Comfy isn’t often a word used to talk about a garage. But many homeowners take full advantage of this area as a workshop for home improvement projects or tinkering including woodworking. Mulling changing your garage into a home woodshop? By adding heating and cooling, you’ll have the ability to utilize the area all year.
Traditional systems, like a furnace, heat pump or air conditioner, are usually cost-prohibitive due to the ductwork that’s needed. Plus, garages are often not connected to your home.
The two most frequently installed solutions are garage heaters or mini-split systems, since they don’t require ductwork. But which type should you select? It’s critical to be informed about each to select the most energy-efficient solution for your situation. Sawdust needs additional consideration since these particles can clog filters and decrease your system’s efficiency.
We go over the differences to help you pick the ideal solution for your budget.
Ductless mini-splits much like a heat pump, because they move heat rather than making it. This makes them extremely energy efficient. They’re placed on your wall and link to an outdoor unit through a small hole in the wall.
A mini-split air conditioner is prized for its energy efficiency and nearly silent operation. This makes it good for craftsmen needing a tranquil, cozy area to work. As they provide both heating and cooling, mini-splits can be used throughout the year.
Since wood shrinks with shifts in temperature, total control over heating and cooling is highly useful. A lot of carpenters and woodworkers advise finishing work in temperatures very close to where the completed product will live.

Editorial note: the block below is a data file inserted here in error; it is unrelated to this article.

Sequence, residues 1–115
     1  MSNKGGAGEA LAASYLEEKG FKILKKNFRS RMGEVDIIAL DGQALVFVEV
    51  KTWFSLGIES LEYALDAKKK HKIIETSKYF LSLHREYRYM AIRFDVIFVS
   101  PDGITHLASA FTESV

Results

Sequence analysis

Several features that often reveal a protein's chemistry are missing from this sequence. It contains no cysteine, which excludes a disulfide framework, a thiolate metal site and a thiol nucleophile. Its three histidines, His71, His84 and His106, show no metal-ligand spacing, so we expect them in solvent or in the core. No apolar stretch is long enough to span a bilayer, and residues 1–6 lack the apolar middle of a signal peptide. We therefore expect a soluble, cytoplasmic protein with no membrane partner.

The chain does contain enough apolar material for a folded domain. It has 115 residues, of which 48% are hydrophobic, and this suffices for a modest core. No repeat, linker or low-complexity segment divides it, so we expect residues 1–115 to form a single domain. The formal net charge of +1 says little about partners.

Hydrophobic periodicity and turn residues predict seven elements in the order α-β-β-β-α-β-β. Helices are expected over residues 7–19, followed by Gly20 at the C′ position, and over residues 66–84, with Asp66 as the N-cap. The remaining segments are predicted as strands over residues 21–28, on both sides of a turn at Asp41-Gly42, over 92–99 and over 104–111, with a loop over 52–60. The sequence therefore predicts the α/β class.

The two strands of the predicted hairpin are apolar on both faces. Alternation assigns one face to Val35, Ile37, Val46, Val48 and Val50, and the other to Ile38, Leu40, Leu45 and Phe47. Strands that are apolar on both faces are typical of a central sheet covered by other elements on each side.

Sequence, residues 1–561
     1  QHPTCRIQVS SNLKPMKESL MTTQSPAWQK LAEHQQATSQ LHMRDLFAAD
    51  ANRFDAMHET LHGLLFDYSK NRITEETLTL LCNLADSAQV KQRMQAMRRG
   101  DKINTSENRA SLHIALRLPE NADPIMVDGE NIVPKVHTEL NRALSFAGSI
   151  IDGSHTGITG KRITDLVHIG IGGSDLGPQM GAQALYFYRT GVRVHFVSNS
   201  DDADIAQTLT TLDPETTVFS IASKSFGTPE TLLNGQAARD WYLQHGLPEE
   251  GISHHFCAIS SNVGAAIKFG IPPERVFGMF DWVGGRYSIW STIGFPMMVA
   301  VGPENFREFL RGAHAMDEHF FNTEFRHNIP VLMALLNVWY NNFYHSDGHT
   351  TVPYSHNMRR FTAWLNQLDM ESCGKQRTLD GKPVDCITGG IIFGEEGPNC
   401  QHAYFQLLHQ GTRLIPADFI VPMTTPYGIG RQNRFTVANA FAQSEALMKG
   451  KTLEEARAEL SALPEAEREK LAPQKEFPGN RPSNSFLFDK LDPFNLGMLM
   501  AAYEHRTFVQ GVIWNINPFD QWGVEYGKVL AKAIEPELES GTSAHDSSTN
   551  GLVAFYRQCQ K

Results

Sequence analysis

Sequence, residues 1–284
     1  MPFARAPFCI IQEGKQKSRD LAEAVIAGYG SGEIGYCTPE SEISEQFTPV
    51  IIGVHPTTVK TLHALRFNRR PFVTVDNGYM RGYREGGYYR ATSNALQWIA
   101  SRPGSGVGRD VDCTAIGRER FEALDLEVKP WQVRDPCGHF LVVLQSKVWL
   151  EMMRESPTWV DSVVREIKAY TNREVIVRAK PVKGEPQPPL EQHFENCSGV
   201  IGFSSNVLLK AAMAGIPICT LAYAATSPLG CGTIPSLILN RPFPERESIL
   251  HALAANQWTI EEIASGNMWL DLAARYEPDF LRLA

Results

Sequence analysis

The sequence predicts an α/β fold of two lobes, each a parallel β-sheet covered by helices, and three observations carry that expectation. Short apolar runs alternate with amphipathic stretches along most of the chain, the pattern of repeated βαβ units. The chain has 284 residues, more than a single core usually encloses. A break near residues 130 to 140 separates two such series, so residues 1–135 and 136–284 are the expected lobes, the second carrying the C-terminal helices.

Inspecting your filter consistently is an essential part of maintenance. Sanding creates a lot of sawdust. If you don’t change your mini-split’s filter, you risk reducing your system’s efficiency and longevity.
A mini-split also requires regular upkeep from a certified HVAC specialist, like one from Service Experts Heating, Air Conditioning & Plumbing. Keeping its internal parts clean and lubricated will help decrease the probability of interruptions in comfort and may even help it last longer.
Garage heaters run a bit differently. They generate heat, so it’s better to compare one to a little furnace. They’re fixed on the ceiling, typically in a corner. If you turn to your garage for added storage, keep in mind that these heaters will eat up a portion the overhead room.
The biggest difference between garage heaters and mini-split systems is the fuel type, because mini-splits are electric. Propane or natural gas garage heaters are both typical models, but there are electric garage heaters as well if you don’t want to add fuel sources.
Garage heaters have a bonus that gives them a leg up on a mini-split system. They don’t require a filter and some models have sealed combustion chambers, which halts sawdust from infiltrating those internal parts.
In the long run there are many things to consider, like the weather in the U.S.. These include:
Ductless mini-split systems run more up front than garage heaters. If you don’t plan on using your woodshop frequently, this may not be the most budget-friendly plan. But woodshops in areas with wide changes in temperature may benefit from enhanced control.
Garage heaters are a simpler, more reasonably priced solution. Different models utilize varying fuel sources to make heat only, making them ill-suited for hotter climates. Gas or propane garage heaters are best if fuel costs are low. They’re not as energy efficient, so regular use may lead to more expensive utility bills. But the great heat generation is preferable in cooler areas.
For dependable advice and installation, trust the HVAC Experts at Service Experts Heating, Air Conditioning & Plumbing. We’ll help you make the best choice. And with quality repair and maintenance services, your garage will be a useful space for a long time. Reach us at 866-397-3787 to request a free home comfort assessment or appointment right away.
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